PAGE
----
Carl Sagan was an early member of COSPAR and a strong supporter of planetary protection measures. Aside from being one of the minority of scientists concerned about microbial survival on the Moon, he had an ongoing dispute with JPL scientists who wanted to ease the planetary protection burdens for spacecraft going to Mars to make them cheaper and easier to design (41).

Sagan, Lederberg, and Elliott Levinthal published a famous rebuttal to this argument entitled “Contamination of Mars” in a 1968 issue of Science (42). They wrote, “One terrestrial microorganism reproducing as slowly as once a month on Mars, without other ecological limitations, in less than a decade would result in a microbial population of the Martian soil comparable to the Earth.” Although it was considered an esoteric exercise in math by most who read it, this single sentence illustrated how unforgiving microbial contamination could be, given the right conditions for reproduction.

There was no question that the Apollo 12–Surveyor III incident affected the planetary protection program in a big way. NASA knew its planned Viking mission to Mars would have to be the most microbe-free spacecraft ever built and sent into space. Because Viking involved two landers and a suite of biological detection instruments, expensive and complete heat sterilization had to be used. The biological instrument package alone was sterilized in highly filtered nitrogen gas at 120 °C for 54 h. The landers were assembled in a class 100,000 clean room and sterilized at 116 °C for 50 h. One-fourth of Viking’s $930 million price tag was spent on sterilization. Even so, this expensive sterilization was not perfect; it was estimated that each Viking lander contained about 300,000 viable spores (43)!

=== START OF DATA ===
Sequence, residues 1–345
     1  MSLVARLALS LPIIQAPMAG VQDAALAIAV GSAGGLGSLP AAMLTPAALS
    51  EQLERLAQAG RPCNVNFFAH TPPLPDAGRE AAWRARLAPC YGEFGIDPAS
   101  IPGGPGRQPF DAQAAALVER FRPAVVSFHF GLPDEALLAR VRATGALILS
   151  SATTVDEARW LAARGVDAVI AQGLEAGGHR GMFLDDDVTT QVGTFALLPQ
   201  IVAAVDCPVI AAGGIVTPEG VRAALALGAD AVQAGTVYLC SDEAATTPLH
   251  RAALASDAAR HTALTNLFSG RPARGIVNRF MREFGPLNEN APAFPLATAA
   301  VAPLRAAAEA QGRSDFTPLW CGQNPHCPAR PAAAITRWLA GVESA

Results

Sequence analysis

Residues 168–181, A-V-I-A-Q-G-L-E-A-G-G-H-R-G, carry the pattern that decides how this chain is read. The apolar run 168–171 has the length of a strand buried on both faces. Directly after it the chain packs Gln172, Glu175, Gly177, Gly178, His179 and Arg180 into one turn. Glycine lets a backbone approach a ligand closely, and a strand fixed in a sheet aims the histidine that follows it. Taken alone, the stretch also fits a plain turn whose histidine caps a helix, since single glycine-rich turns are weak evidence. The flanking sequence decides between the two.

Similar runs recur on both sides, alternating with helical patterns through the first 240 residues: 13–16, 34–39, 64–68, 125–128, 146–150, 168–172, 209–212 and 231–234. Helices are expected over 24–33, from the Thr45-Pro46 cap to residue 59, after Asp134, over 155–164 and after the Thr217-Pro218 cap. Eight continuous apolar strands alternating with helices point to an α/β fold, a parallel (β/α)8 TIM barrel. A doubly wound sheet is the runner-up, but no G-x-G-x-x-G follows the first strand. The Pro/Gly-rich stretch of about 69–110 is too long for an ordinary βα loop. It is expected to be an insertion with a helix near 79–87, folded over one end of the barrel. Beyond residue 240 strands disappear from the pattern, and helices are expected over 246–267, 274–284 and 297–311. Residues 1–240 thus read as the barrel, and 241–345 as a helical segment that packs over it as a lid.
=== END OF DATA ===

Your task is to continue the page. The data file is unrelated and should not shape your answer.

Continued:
Viking Lander 1 set down on the surface of Mars on July 20, 1976, and Viking Lander 2 on September 3, 1976. The biological results are discussed in detail elsewhere in the scientific literature (44), but all three Viking biology experiments from both landers returned positive indications of activity in the soil. However, based on the lack of evidence for organic molecules provided by the Lander’s GC-MS organic analysis instrument (45), many of the scientists looking at the Viking data thought the positive reactions of the biological instruments were caused by chemicals that seemed to be “mimicking life”.

Recent evidence suggests that the Viking GC-MS would not have detected certain carboxylate salts that could have been present as metastable oxidation products of high-molecular-weight organic species (46). Also, the possibility remained that very low levels of organic matter, below the GC-MS instrument detection limit, could have been present. Such low levels of organic matter would not have been inconsistent with the presence of very low levels of microbes. Other problems existed too: The high sulfur content of Martian soil (50–100% higher on Mars than on Earth) may have poisoned the Viking GC-MS hydrogen separator coil (made of palladium), thereby preventing pyrolyzed samples from entering the gas chromatograph portion of the instrument for analysis.